I’ve always wanted to cover this food genre. So what did I need? Well, first a Farm. Second, a friend who appreciates ingredients and wants to have some fun. Cue Megen Litzenberger. Come along as we travel to Cielito Lindo Farm in Johnson City and connect back in my kitchen to make Megen’s delicious Sopes.
Farm-to-table is not exclusively for granola moms and the trend didn’t come out of nowhere. It’s refreshing to see us reclaiming the most basic principles of food. I grew up visiting my grandmother’s farm in Dime Box, TX. I come by this legitimately, and I bet, as Texans, many of you do too.
The “Farm to table” description of a meal – whether in a restaurant or in your home has become a popular phrase describing the joy of enjoying farm fresh and locally sourced food. Some restaurants even display a chalkboard listing their farm sources and the farms noted for each menu item. When it comes to the table in your home, Farm-to-table can also refer more loosely to farmers markets, Community Supported Agriculture (CSA) and other venues where people can buy food directly from growers.
Cielito Lindo Farm
The adventure began in Johnson City at Cielito Lindo farm. Located in tandem with Lewis Winery, their heritage breed chickens forage in the vineyard inside chicken tractors which can be moved on a daily basis. This is where I purchased chicken breasts to use in Megen’s recipe. Julia Poplawsky Lewis is the owner and resident butcher.
We asked Julia to share some insight into their vision for the vineyard/chicken venture. She said, “The team at Lewis Wines has been focused on making Texas a reputable US wine region which means making 100% Texas wine and responsibly growing Texas fruit. Lewis Wines believes that wine is made in the vineyard, so growing high quality fruit and having sustainable farming practices is of utmost importance. That’s where Cielito Lindo comes in. Together, Lewis Wines and Cielito Lindo Farm work alongside each other in stewarding the land with healthy livestock management practices. During the winter and part of the spring, the meat birds live in the vineyard in chicken tractors where they are moved daily. The chickens fertilize the soil as well as give the top layer of soil a gentle ‘tissue’ massage as they root around searching for grub. Soil management is so important to overall vine health, so by rotating livestock through the vineyards, they are able to capture what the soil needs without spraying any harsh or synthetic chemicals.”
Talk about the full meal deal – you can do a wine tasting, then go home with chicken and a bottle of wine for tonight’s meal! And if you’re feeling extra adventurous, Julia even gives butcher classes as an added service.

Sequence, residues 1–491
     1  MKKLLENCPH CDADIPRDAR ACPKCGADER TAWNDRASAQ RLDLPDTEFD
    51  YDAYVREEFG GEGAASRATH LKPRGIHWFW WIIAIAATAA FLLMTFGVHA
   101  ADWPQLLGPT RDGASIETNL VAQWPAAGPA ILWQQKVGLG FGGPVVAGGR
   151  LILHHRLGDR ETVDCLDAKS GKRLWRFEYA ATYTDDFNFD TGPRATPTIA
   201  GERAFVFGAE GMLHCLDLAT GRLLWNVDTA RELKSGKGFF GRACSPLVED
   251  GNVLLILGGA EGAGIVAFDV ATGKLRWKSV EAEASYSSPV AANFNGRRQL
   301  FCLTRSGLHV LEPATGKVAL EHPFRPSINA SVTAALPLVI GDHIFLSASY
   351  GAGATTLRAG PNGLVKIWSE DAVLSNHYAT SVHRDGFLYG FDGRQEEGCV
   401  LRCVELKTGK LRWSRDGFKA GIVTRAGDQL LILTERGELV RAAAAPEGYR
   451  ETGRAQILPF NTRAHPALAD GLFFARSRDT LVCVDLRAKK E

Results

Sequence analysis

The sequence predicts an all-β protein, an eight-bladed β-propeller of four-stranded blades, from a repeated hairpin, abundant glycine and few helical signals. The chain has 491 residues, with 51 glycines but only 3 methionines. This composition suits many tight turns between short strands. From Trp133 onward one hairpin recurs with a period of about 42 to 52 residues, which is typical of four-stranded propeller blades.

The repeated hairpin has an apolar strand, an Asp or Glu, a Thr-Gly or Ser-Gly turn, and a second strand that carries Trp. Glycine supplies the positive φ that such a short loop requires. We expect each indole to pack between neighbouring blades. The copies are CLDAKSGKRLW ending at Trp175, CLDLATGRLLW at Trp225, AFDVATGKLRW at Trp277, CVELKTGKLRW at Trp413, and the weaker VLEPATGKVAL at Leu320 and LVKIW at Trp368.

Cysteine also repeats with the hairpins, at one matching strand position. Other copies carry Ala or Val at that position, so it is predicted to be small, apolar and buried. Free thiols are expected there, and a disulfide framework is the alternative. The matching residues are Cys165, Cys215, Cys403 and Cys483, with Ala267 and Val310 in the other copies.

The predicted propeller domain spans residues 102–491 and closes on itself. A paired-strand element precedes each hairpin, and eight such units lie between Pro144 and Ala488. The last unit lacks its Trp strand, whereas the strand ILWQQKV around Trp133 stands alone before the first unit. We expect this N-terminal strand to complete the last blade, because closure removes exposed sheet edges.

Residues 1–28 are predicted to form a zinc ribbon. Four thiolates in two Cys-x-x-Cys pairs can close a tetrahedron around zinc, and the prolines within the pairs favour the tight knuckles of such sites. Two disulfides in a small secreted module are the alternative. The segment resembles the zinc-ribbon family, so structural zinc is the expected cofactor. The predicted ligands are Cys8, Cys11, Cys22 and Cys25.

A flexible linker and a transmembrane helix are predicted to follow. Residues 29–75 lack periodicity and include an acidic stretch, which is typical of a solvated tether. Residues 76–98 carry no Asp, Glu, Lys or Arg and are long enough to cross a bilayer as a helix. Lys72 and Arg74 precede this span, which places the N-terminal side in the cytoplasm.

With fresh chicken breasts from the farm in hand, I invited Megen over to demonstrate her Sopes recipe. Because when farm-to-table meets a dynamic recipe, it can be art.
I met Megen Litzenberger in her role for West Chelsea Contemporary, a gallery featuring contemporary and emerging artist exhibitions in Austin and New York. Megen shared her dream of taking her creative spirit and love of food to create a farm-to-table restaurant with edgy appeal. The wheels started turning, and before you know it, I was driving to the farm and Megen was knocking on my door.
Now for the Sopes Recipe. Megen imparts, “This recipe is inspired by all of the hispanic women in my life from childhood until now. Without them, I wouldn’t have been introduced to the colorful flavors and heritage of this cuisine. Every ingredient can be made fresh and from scratch (the sopes, salsa, etc). But if you’re looking for a meal that can be adjusted to your schedule/busy life, is delicious, rich in flavor and history – this is the one!”
When I asked Megen, “how much spice do you recommend using?”, her answer was “just stop when your ancestors tell you to stop”! We love this. Cooking with Megen was a joy. We hope you have as much fun as we did cooking –- and of course — enjoying these flavorful bites.
- 1 pkg Pre-packaged store bought Sope cups (you can also make your own) or small raw tortillas
- 4 tbsp neutral oil
- 1 cup refried beans
- 2 cups lettuce finely shredded
- 1 1/2 cups Seasoned and cooked chicken breast
- 1/2 cup questo fresco, crumbled
- 1/2 can ancho chilis
- 1/4 cup white onion finely chopped
- 1/2 Cup Mexican Crema
- Spicy salsa of your choice
- 1 bundle cilantro
- Radishes thinly sliced
- 1 avocado sliced or diced
- Tomato diced or sliced
- Pickled carrots/jalapenos
Marinade for Chicken (season with your heart)
- Canned ancho chilis
- Smoked paprika
- Mexican oregano
- Onion powder
- Garlic powder
- Salt and pepper
- 1/2 Bundle bundle of cilantro diced
- Dice chilled chicken into 1 inch cubes. Mix meat, seasonings and herbs. Cover and let sit overnight if possible. (Minimum of 1 hour). Cook meat in a skillet on medium-high heat with neutral oil of choice. Seer until some edges of chicken crisp or until golden brown and moist.
- Heat beans in a small saucepan with 1 tsp of neutral oil. As the beans heat through - add 1 pad of butter and 1 cup of shredded cheese of choice. Mix until well combined - turn off heat once warmed through.
- Heat minimum 2 inches of neutral oil in a frying pan and lightly fry the sopes (roughly 1 1/2 minutes on each side or until golden brown). Place them on a plate with paper towel to discard excess oil. Season with a pinch of salt once out of oil.
- Place sopes on a large plate and spread beans. Add some of the chicken on top and then chopped onion, lettuce and radishes. Pour salsa, then add crema and finish with quest fresco (or crumbled cheese of choice)Serve immediately and HAVE FUN!